Since the Wright brothers made the first successful flight over 100 years ago, aircraft failures keep happening and have caused hundreds of thousands of deaths. To ensure safety, the aviation industry imposes stringent standards and implements frequent scheduling inspections, especially for the maintenance of engines. However, incumbent technologies do not completely eliminate aircraft crashes. Jet engines, as the heart of aircrafts, are not closely monitored in real time and failures are occasionally undetectable and invisible in the traditional inspection.
Our research lab developed a novel micro energy technology – rotational energy harvester for achieving self-powered and wireless monitoring of jet engines. Featuring maintenance-free power supply and wireless communication, the new sensor architecture breaks the limitations of inaccessible locations in jet engines and solve problems of the wire connections and battery replacement. The key technology is the developed nonlinear piezoelectric energy harvester that can efficiently scavenge mechanical energy from the engine rotation motions and convert it to electrical energy with minimal effect on engine normal operations.
Technology Features, Specifications and Advantages
- A brand-new sensor architecture, integrating the energy harvesting technology with wireless sensors to achieve real-time and self-powered jet engine monitoring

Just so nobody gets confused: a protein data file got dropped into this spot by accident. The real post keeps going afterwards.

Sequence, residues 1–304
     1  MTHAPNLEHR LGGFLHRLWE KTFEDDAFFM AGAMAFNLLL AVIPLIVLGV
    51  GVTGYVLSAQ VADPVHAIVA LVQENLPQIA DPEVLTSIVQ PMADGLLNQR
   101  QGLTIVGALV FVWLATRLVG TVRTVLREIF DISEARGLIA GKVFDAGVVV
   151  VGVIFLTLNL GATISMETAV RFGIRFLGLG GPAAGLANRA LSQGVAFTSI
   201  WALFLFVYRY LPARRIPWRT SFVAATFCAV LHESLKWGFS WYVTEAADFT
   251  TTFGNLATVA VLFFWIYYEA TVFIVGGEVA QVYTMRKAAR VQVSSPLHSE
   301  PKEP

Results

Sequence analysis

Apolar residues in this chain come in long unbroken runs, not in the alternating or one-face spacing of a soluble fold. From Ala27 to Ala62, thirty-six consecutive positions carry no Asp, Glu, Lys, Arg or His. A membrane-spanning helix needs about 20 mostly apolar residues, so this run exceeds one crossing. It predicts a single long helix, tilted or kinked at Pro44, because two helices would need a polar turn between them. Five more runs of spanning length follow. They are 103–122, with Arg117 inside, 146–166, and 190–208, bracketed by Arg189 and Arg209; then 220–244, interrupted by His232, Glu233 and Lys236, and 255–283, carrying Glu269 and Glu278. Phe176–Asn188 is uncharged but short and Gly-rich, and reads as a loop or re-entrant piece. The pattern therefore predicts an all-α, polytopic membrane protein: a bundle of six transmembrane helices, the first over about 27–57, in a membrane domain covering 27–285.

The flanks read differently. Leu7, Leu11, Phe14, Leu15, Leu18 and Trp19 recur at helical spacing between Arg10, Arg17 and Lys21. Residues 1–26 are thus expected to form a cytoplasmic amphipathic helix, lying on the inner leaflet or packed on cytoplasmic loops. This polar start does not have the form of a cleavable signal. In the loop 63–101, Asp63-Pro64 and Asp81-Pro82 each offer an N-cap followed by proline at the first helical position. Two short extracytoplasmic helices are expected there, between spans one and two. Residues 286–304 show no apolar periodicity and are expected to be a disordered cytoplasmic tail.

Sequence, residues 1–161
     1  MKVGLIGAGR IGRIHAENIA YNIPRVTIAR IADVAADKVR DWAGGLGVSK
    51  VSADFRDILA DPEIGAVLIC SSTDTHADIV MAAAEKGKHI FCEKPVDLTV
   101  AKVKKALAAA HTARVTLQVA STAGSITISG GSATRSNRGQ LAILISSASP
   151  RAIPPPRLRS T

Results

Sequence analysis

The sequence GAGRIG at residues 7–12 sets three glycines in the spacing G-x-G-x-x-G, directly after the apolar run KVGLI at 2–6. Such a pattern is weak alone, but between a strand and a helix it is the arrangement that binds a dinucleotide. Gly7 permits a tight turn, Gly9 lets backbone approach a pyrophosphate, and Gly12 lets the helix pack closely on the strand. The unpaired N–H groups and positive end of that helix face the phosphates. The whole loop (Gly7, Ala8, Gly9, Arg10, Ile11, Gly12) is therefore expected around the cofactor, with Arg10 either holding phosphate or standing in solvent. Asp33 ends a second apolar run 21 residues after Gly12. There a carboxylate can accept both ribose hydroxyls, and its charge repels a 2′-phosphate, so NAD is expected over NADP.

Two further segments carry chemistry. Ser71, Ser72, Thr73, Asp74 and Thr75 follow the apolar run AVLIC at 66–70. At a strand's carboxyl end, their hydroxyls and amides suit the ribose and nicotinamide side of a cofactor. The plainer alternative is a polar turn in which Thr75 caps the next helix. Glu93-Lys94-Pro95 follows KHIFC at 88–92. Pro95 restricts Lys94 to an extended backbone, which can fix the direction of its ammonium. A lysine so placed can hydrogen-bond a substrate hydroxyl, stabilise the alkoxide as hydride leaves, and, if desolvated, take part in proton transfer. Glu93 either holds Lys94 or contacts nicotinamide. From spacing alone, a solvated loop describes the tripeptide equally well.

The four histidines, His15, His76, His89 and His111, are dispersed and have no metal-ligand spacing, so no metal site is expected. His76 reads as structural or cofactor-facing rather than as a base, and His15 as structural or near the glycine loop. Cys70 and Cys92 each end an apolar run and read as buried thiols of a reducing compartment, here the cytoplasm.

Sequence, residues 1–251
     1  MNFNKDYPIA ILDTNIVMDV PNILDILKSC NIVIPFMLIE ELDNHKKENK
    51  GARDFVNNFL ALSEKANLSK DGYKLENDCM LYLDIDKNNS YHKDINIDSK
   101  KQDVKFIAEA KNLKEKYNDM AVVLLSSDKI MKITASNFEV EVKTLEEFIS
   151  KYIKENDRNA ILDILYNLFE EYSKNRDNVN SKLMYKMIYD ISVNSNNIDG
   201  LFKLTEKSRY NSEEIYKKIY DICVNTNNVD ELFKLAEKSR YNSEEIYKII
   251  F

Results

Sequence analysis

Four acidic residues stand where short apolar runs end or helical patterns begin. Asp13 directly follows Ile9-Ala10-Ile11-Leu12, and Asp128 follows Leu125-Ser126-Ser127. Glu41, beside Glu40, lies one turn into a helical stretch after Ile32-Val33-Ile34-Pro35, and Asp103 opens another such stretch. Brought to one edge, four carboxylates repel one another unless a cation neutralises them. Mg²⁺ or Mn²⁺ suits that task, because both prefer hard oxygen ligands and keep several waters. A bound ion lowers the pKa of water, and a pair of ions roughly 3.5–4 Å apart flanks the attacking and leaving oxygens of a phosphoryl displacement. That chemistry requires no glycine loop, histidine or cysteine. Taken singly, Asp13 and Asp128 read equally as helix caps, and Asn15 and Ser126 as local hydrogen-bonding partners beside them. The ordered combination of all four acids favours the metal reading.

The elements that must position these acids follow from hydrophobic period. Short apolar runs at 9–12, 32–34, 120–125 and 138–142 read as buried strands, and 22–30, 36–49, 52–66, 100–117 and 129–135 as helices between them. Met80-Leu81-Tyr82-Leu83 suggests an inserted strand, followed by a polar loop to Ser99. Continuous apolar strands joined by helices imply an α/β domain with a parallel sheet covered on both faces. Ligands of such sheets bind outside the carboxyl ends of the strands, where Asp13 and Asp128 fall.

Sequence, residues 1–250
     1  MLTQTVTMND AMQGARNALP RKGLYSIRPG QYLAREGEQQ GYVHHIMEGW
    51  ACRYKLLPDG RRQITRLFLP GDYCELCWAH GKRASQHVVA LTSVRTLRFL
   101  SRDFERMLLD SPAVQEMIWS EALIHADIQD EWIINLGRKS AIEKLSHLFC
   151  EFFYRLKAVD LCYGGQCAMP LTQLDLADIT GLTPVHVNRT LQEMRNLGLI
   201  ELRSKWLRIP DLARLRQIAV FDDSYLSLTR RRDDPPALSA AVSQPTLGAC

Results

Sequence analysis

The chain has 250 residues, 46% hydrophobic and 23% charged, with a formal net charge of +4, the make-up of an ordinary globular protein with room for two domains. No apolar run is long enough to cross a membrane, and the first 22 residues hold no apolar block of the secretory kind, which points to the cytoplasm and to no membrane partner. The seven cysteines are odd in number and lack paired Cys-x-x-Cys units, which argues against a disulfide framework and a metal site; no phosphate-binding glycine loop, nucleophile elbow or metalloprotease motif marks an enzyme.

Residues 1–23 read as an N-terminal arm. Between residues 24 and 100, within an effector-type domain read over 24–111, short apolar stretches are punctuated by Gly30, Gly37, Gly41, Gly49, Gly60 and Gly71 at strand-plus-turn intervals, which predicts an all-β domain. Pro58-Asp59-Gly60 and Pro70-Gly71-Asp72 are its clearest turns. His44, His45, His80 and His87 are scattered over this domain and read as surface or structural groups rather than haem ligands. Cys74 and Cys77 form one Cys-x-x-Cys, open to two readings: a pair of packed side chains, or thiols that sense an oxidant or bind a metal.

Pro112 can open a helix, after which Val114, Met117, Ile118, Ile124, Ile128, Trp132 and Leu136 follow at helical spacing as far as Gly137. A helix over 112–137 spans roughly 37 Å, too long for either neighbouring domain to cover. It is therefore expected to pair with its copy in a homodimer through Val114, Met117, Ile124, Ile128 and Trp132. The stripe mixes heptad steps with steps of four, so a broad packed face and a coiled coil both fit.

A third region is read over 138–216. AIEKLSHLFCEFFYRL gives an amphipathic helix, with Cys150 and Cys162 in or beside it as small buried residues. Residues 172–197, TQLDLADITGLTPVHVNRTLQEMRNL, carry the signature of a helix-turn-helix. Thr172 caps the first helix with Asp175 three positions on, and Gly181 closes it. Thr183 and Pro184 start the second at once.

- A new high-performance rotational energy harvester that shows a maximum power density (220.92 mW/cm3) and efficiency (36.43%), and is capable of powering 112 LEDs simultaneously, which performance is over one order of magnitude higher than the state of the art.
- Successful demonstration of a self-powered wireless sensor system in the jet engine for the first time.
Apparatus and systems that are not convenient to obtain electric power for monitoring but able to harvest energy by any mechanical self-motion are potental applications. They include:
- Rotary or vibratory machines and systems such as jet engines, motors, wind turbines, steam engines;
- Structure health monitoring/ control such as buildings, bridges and infrastructures.
- Wearable devices and intelligent vehicles, etc.
A relatively simple implementation for any system/apparatus with rotational/vibrational motion harvests energy from itself efficiently for control and monitoring.